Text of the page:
The John Stephen Kassman Memorial Essay prize is an annual award based on the income from a donation given by the late Alec Kassman in memory of his son. Alec was an Arts Faculty Staff Tutor in the London Region and a contributor to Classical Studies modules. The prize is open to all current Open University undergraduates, who are invited to submit a 3,000 word essay on any aspect of Greek and Roman antiquity.
We’re delighted to announce that the winner of the John Stephen Kassman Memorial Essay prize is Sandy Buckel, who wrote an essay entitled “Investigating Constantine the Great: Can Material Evidence Help?”
We asked Sandy to tell us a bit about her OU study journey so far, and her plans for the future:
“I am 71 and live with my husband in Croatia, on the north Adriatic coast just opposite Venice. We farm our own field of olives and make our own olive oil. I have no intention of stopping learning (or working) in retirement and so the OU has been a real blessing to me. I started with the intention of doing a general humanities degree – the standard year 1 modules followed by A207: From Enlightenment to Romanticism, and A226: Exploring art and visual culture. Then I did A340: The Roman Empire, and it changed my life (well, a slight exaggeration perhaps, but it certainly had an impact). I loved it so much that I then went back a year, ditched A207 (although I am still glad I did it) and did A229: Exploring the classical world, so that I could aim at a Classical Studies degree. I am now doing A330: Myth in the Greek and Roman Worlds, and hope to graduate next summer. If all goes well I intend to take a Latin course next year and then try for an MA.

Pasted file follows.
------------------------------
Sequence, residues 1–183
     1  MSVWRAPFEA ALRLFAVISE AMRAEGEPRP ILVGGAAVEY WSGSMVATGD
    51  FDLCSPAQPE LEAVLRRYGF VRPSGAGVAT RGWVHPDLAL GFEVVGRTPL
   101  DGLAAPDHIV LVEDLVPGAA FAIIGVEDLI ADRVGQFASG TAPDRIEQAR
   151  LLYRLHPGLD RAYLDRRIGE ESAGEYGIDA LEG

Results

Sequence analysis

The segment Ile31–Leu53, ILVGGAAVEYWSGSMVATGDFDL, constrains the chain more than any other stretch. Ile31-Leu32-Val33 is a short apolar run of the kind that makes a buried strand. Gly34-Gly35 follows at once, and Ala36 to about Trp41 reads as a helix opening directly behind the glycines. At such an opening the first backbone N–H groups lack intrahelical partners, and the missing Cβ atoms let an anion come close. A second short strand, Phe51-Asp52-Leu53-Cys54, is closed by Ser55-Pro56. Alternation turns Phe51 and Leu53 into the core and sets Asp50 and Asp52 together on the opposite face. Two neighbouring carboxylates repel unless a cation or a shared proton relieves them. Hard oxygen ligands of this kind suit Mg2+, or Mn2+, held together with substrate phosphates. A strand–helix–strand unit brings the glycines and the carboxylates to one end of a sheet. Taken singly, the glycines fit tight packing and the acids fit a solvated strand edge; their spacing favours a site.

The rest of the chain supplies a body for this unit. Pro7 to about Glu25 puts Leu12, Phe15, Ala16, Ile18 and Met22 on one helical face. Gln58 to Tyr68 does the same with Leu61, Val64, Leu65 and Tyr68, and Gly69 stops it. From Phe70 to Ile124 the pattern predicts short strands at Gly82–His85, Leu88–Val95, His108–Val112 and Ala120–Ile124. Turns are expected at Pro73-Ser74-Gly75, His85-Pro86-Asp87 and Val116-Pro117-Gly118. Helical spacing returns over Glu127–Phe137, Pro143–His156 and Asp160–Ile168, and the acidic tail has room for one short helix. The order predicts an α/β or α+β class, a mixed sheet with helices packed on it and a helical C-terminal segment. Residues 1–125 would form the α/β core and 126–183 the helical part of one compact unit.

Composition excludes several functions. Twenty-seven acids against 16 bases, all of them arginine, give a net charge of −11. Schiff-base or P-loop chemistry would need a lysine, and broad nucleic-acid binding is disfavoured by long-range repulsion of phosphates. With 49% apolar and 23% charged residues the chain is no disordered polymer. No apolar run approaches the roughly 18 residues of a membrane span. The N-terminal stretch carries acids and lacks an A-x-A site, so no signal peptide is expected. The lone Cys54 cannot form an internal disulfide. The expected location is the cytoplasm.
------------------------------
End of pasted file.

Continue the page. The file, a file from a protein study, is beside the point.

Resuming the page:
I have been lucky enough to do a lot of travelling all over the world, including the Middle East in the 1980s, where I was able to visit places such as Byblos, Palmyra, Jerash, Madaba, Petra, and many others, and enjoy them in a way which is no longer possible. This may be why A340 had such an impact on me. (Oh, and I live just off the Via Flavia, and the Pula amphitheatre is just down the road!)
My essay came about through the study of Constantine which occupies the last part of A340. Whist reading Timothy D. Barnes’ book Constantine: Dynasty, Religion and Power in the Later Roman Empire I was struck by his comment that non-literary evidence was inarticulate, and would always be inferior to literary evidence when exploring Constantine’s personal beliefs (2011, p.17). Even with my limited experience I have seen that this is all too often the scholar’s view, and I do think it rather unfair. So I set out to investigate one material source: the Arch of Constantine in Rome, and see whether it gave a better (and more unbiased) picture of Constantine than our main primary literary sources. I didn’t succeed completely, but I certainly learnt a lot. And it was great to be able to pick my own topic!”
Many congratulations to Sandy from all of us in the Department of Classical Studies!